The island of St Kilda is known for its population being removed in the 20th century, but an article in Current Archaeology provides some fascinating information on it, starting with the fact that it is not an island but an archipelago made up of Hirta, Boreray, Soay and Dunn, plus 3 sea stacks that are home to protected sea bird colonies.
Thousands of years of permanent human colonisation ended when 36 people left in 1930, allegedly due to the colony being no longer sustainable, along with other islands in the Outer Hebrides. But since 1957 Hirta has had a sizeable military base, supplied by helicopter.
So, why is this place important? In 1985 it was nominated as a World Heritage site, being home to the largest seabird colonies in northern Europe, along with other wildlife. In 2005 it was recognised by the new ‘cultural landscape, a mixture of natural and manmade works. In 2006, 50 years after the Marquis of Bute bequeathed the region to the National trust for Scotland, a detailed mapping project has been carried out by Angela Gannon and George Geddes. One of the aspects they have concentrated on is the notion that it was so isolated the inhabitants so insular, but all communities need to be connected with the wider world i order to survive.
They have found that almost 4,000 years BC woodland was declining and an increase in cereal type pollen from around 3100 BC. They have also found flint implements, even though the stone is not native to the islands. Christian hermits were drawn to the islands in search of solitude, and chapels to St Columba and St Brendon were recorded in the 1690s. Vikings made the islands part of their world until they were ceded to the Scots in 1266, and some place names reflect this. It is possible that St Kilda is Norse, possibly from sunt kelda, sweet well water from the healing springs
Nineteenth century agricultural improvements led to better houses for the tenants, especially after a hurricane that caused much damage in 1860. A telegraph station was sponsored by the Daily Mirror in 1913 which was used in World War I and in WWII the region watched for German ships and U-boats.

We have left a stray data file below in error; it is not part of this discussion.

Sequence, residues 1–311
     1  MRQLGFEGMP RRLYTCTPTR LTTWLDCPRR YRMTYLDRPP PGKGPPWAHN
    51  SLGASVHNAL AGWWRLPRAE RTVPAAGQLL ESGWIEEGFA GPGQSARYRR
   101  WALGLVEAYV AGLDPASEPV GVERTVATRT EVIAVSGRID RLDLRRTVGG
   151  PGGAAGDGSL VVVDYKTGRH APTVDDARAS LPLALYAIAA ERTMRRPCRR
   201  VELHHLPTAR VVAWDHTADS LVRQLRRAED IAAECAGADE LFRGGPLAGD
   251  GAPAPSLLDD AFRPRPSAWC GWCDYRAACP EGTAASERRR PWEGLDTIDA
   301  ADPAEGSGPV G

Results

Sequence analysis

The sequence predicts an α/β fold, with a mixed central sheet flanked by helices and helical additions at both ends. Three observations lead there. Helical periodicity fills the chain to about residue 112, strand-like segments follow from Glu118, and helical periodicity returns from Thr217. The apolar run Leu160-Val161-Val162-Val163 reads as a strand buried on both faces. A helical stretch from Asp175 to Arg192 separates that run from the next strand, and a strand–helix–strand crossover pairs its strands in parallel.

But after the islanders were moved to the mainland, some returned by steamer every spring, returning to their lifestyle of catching birds, harvesting eggs and weaving wool for Harris tweed. It was only when the steamer service was ended by WWII that these visits ended, and the residents became military and scientific archaeologists and conservationists.
The islands seem to have been early source for the ‘message in a bottle’. This is from Wikipedia:
Even in the late 19th century, the islanders could communicate with the rest of the world only by lighting a bonfire on the summit of Conachair and hoping a passing ship might see it, or by using the “St Kilda mailboat”. This was the invention of John Sands, who visited in 1877. During his stay, a shipwreck left nine Austrian sailors marooned there, and by February supplies were running low. Sands attached a message to a lifebuoy salvaged from the Peti Dubrovacki and threw it into the sea. Nine days later it was picked up in Birsay, Orkney, and a rescue was arranged. The St Kildans, building on this idea, would fashion a piece of wood into the shape of a boat, attach it to a bladder made of sheepskin, and place in it a small bottle or tin containing a message. Launched when the wind came from the north-west, two-thirds of the messages were later found on the west coast of Scotland or, less conveniently, in Norway.
It is a mystery to me how St Kilda became the name for a bayside resort in inner Melbourne, Australia. But given that the island had been owned by the fantastically rich Earl of Bute who was responsible for much of the coal in South Wales, t may have been a holiday destination. Though I doubt if they had the fantastic cakes and icecreams of the Melbourne namesake.